Research shows the success of a bacterial community depends on its shape.
(Following are welcoming remarks made by President Charles M. Vest at the annual meeting of the American Astronomical Society's Division of Planetary Sciences at MIT on July 28).
Worldwide public and media interest in planetary science has been given a tremendous boost by recent events. The magnificent achievements of the Mars Pathfinder team, the fascinating data pouring in from Galileo, and the first asteroid photos from the ongoing NEAR mission to Eros have all captured the attention of press and public alike. Even the cosmos itself has cooperated in this publicity blitz by providing one of the most spectacular comet displays in human history.
Public interest in space hasn't been this high since the peak of the Apollo program--and that's great news for all of us. On the other hand, we know how fickle the public's attention can be. Those of us who are committed to furthering the long-term cause of space-based science and technology should therefore recognize that the current wave of publicity and good feeling represents an opportunity which we cannot afford to waste.
Those of you gathered in this room today are well aware of the value of space exploration. You know the advantages of studying the Earth as a planetary entity--and the importance of neighboring planetary bodies as a source of information about our home planet's past, present and future.
You also know of the rich data available from such recent space-based research ventures as the Hubble Telescope, Clementine, the discovery of the small bodies orbiting beyond Pluto in the Kuiper belt, the spectroscopic surveys of recent comets and the rest of the current crop of exciting interplanetary missions.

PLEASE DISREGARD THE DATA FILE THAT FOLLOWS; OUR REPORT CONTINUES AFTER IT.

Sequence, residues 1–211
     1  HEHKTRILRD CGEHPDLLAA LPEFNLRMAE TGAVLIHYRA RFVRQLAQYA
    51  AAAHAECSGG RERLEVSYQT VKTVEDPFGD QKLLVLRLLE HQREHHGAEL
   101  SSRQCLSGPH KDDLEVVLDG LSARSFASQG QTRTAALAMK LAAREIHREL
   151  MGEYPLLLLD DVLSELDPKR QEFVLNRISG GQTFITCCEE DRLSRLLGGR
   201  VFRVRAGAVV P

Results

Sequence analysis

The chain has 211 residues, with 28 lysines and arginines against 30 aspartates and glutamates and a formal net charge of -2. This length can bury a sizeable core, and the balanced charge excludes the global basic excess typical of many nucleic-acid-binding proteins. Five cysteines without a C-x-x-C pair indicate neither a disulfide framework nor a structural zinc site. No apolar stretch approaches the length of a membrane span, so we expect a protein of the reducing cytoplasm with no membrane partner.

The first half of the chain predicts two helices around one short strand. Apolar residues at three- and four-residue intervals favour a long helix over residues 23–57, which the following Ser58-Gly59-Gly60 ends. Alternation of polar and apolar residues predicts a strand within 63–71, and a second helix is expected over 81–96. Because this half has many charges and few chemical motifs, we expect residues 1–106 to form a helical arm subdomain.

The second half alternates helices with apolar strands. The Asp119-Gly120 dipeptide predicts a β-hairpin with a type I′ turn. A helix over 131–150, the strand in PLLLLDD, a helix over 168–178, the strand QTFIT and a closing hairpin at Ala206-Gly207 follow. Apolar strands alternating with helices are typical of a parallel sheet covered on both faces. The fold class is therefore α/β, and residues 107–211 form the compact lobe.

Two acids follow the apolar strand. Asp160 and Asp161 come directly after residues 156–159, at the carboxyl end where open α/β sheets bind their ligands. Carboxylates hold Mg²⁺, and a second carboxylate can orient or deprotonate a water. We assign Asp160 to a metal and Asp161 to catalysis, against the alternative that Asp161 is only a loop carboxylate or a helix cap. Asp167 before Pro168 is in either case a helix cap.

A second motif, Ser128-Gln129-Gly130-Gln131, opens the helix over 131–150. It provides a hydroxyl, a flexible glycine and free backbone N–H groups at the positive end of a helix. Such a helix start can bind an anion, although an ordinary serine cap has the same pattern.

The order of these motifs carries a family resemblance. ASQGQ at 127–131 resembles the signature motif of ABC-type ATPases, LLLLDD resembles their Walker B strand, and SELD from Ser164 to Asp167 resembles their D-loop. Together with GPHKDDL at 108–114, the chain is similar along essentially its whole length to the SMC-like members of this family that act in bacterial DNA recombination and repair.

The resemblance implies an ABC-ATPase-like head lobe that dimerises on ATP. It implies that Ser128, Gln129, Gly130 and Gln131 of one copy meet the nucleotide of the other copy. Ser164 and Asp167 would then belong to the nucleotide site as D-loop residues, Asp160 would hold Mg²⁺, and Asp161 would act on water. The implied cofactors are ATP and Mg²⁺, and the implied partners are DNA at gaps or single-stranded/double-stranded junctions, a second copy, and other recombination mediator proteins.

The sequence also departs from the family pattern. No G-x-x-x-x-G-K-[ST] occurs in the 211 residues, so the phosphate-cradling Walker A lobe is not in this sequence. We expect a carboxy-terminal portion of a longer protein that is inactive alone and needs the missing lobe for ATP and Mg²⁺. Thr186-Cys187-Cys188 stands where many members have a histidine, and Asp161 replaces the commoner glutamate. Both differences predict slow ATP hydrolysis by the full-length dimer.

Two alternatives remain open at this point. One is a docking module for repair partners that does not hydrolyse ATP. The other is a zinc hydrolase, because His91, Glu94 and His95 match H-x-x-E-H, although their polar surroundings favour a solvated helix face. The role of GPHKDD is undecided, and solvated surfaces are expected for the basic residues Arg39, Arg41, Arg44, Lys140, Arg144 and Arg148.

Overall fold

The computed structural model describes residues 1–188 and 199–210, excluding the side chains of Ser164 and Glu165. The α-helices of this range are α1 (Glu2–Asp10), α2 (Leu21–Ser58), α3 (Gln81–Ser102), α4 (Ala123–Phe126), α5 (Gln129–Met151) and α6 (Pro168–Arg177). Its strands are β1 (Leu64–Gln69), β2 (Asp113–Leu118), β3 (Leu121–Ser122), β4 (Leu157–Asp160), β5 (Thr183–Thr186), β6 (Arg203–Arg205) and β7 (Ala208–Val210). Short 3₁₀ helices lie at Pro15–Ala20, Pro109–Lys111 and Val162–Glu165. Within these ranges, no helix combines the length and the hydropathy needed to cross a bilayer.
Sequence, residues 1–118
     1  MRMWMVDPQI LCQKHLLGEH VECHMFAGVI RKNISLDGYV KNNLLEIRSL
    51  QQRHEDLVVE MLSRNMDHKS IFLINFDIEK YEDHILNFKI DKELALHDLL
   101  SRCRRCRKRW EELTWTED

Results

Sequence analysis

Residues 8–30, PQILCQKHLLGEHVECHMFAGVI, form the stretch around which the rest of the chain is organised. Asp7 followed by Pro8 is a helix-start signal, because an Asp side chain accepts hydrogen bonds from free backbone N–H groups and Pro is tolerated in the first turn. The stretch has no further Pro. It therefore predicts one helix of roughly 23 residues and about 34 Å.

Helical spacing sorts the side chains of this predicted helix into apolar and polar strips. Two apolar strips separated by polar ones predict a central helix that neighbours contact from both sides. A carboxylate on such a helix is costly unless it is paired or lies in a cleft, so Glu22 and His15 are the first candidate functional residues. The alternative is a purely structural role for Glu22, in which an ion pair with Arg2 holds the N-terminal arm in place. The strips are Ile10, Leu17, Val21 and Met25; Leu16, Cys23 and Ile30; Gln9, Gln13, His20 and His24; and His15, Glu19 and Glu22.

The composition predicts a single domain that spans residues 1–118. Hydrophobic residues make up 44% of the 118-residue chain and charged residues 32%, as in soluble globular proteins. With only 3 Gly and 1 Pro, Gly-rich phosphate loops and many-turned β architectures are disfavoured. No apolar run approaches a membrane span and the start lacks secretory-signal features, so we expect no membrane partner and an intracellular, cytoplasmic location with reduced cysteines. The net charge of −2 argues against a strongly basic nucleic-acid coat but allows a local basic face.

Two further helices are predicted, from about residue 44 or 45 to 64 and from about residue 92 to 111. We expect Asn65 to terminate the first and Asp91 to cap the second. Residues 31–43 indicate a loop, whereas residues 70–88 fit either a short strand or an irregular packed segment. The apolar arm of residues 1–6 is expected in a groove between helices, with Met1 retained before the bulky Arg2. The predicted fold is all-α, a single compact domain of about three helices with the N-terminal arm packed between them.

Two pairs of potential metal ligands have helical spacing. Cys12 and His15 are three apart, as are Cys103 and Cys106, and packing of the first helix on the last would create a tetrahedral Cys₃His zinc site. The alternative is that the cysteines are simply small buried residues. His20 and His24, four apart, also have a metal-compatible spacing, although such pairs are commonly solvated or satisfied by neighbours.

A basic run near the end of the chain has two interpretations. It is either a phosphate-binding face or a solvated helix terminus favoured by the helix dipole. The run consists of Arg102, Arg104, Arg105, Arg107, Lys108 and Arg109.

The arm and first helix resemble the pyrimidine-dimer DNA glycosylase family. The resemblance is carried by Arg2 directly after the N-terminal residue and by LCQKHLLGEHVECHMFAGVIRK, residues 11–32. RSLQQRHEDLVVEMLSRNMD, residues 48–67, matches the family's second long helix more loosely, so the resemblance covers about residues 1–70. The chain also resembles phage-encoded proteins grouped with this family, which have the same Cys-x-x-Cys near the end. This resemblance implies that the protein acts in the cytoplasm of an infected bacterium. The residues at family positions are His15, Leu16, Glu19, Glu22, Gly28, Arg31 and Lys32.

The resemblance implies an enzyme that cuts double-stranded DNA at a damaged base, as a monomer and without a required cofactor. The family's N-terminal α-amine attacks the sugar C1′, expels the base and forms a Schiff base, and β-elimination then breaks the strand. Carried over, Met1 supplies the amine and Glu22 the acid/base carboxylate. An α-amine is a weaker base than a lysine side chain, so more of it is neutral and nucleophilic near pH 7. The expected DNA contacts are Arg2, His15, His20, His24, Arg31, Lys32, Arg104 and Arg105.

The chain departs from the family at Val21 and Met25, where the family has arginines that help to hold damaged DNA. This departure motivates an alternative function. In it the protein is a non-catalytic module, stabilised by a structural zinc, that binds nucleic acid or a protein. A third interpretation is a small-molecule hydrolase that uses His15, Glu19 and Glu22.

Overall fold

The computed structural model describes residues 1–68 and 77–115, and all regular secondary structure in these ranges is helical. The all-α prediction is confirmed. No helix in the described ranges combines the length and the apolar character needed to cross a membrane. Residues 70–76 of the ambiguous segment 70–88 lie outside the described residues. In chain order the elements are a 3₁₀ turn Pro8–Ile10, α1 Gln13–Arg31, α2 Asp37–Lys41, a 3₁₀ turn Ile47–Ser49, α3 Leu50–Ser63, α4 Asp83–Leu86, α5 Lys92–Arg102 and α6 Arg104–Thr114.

Before you move on, however, I beg you to take a moment to consider your obligations as ambassadors and salespeople for planetary science. You must not merely bask in the current glow of public attention: you must use it to inform, educate and motivate the public and policy-makers alike. You must learn how to keep up interest in--and support for--the work you do.
For too long, we in the scientific community have depended on a few key leaders to act as our advocates and promoters. In recent decades, no one has performed that difficult role with greater skill, dedication or tenacity than one of your organization's co-founders and past chairs, Carl Sagan.
It was said of Sagan at his memorial service that "he gave science as a gift to the people." To us, as scientists, he gave the gift of advocacy and public support. No one of us can hope to replace him, but each of us should feel a responsibility to carry on with his work. I am sure that, were he here today, he would remind us that current interest in space is a transitory phenomenon, and that we must make the most of it before it slips away.
It is wonderfully fitting that NASA has renamed the Mars Pathfinder lander as the Carl Sagan Memorial Station, but the best and most lasting tribute we can offer is to carry on his work as a public spokesperson for the importance of scientific inquiry both here on earth and in the heavens.
We owe no less to two other accomplished scientists--Jurgen Rahe and Eugene Shoemaker--whose recent, tragic deaths have stunned and diminished this community.
The best way for us to celebrate and preserve the memory of these distinguished scientists is to carry on the work in their names--and to make sure that the larger public understands (and appreciates) their indelible contributions to planetary science and to the entire human community.
A version of this article appeared in MIT Tech Talk on August 13, 1997.